Retirement savers' 'best interest' rule in jeopardy

By Linda Sherry

It was high fives all around for consumer advocates last April when the U.S. Department of Labor (DOL) issued a rule requiring retirement investment advisers to adhere to "fiduciary" standards and put their clients' best interests before profits. The rule, six years in the making, extends fiduciary responsibilities under ERISA, the Employee Retirement Income Security Act of 1974, to advisers and firms providing a broad range of services relating to retirement savings, including individual retirement accounts (IRAs).

While many large firms have been preparing for the rule to take effect on April 10 this year, other investment firms, especially those that sell annuities, high-commission mutual funds, real estate investment trusts and unregistered securities, complained that the rule creates burdensome new duties for financial advisers.

The duty of a fiduciary is to act solely in the interest of those whose assets they are managing (such as retirement account holders and beneficiaries), and to make prudent recommendations for investment products to increase long-term gains and lessen the risk of investment losses. Typically, this requires that fiduciaries limit their recommendations to lower-cost investments that benefit retirement savers, even if the adviser (or his or her firm) could make more money by recommending another investment. The concept is that by limiting the costs of investing in the long run, retiree savings and returns won't be nibbled away by fees and commissions.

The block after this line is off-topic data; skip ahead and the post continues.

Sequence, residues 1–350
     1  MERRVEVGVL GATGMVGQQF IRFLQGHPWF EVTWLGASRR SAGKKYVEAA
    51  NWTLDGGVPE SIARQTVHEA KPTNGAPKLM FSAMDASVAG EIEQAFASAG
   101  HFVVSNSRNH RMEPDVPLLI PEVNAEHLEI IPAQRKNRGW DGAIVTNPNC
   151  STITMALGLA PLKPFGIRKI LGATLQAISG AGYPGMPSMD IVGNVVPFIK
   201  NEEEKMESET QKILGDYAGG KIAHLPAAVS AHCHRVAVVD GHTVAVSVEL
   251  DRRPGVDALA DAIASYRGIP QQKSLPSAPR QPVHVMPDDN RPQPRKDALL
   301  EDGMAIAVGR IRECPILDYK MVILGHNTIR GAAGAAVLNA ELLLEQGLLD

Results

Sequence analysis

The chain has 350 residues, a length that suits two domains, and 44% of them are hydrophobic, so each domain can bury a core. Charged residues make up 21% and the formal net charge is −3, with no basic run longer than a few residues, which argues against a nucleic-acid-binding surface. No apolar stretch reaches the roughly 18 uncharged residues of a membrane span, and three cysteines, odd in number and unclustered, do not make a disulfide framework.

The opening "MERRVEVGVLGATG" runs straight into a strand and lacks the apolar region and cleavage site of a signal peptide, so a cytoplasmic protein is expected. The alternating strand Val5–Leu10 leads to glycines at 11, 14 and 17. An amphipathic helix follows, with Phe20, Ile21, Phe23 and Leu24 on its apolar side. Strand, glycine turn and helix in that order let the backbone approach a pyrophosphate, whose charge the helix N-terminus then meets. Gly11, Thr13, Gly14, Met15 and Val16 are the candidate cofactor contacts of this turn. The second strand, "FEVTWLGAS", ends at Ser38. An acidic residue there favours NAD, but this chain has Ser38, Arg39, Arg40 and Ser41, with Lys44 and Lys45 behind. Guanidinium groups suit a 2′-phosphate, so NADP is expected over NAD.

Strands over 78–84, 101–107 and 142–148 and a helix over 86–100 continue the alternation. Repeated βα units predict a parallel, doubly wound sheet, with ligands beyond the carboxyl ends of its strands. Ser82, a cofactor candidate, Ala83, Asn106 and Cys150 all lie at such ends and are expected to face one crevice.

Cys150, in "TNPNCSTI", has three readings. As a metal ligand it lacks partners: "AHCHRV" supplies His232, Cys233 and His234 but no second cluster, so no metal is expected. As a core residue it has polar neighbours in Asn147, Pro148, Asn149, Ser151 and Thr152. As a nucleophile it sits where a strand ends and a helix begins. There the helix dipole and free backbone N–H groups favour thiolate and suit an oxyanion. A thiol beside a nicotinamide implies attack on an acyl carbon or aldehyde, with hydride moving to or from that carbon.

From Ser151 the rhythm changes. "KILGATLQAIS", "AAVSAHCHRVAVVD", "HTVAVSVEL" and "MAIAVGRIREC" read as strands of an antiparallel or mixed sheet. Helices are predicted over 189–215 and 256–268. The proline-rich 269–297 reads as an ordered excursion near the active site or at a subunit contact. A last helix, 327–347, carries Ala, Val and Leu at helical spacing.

Under the DOL rule, investment advisers are usually prohibited from receiving compensation from third parties for employee benefit plans and IRAs. But firms that want to continue to pay banned brokerage or insurance commissions, or revenue sharing plans, can receive exemptions from the rule if they enter into contracts with clients. These contracts can require that individual disputes be handled through arbitration, but they must give clients the right to bring class action lawsuits.

The Obama Administration said the rule would save retirement investors an estimated $17 billion a year in fees and lost earnings. The DOL rule was adopted in 2016, after the Department heard and incorporated opponents' concerns into the final version.

The new Trump Administration wasted no time in issuing a Feb. 3 Executive Order requiring the Labor Department to study whether the rule would reduce investment choices for retirement savers, disrupt the investment market or result in increased lawsuits against firms that offer retirement investment products. In response, the new Labor Department plans to delay the rule's start date for 60 days while under review.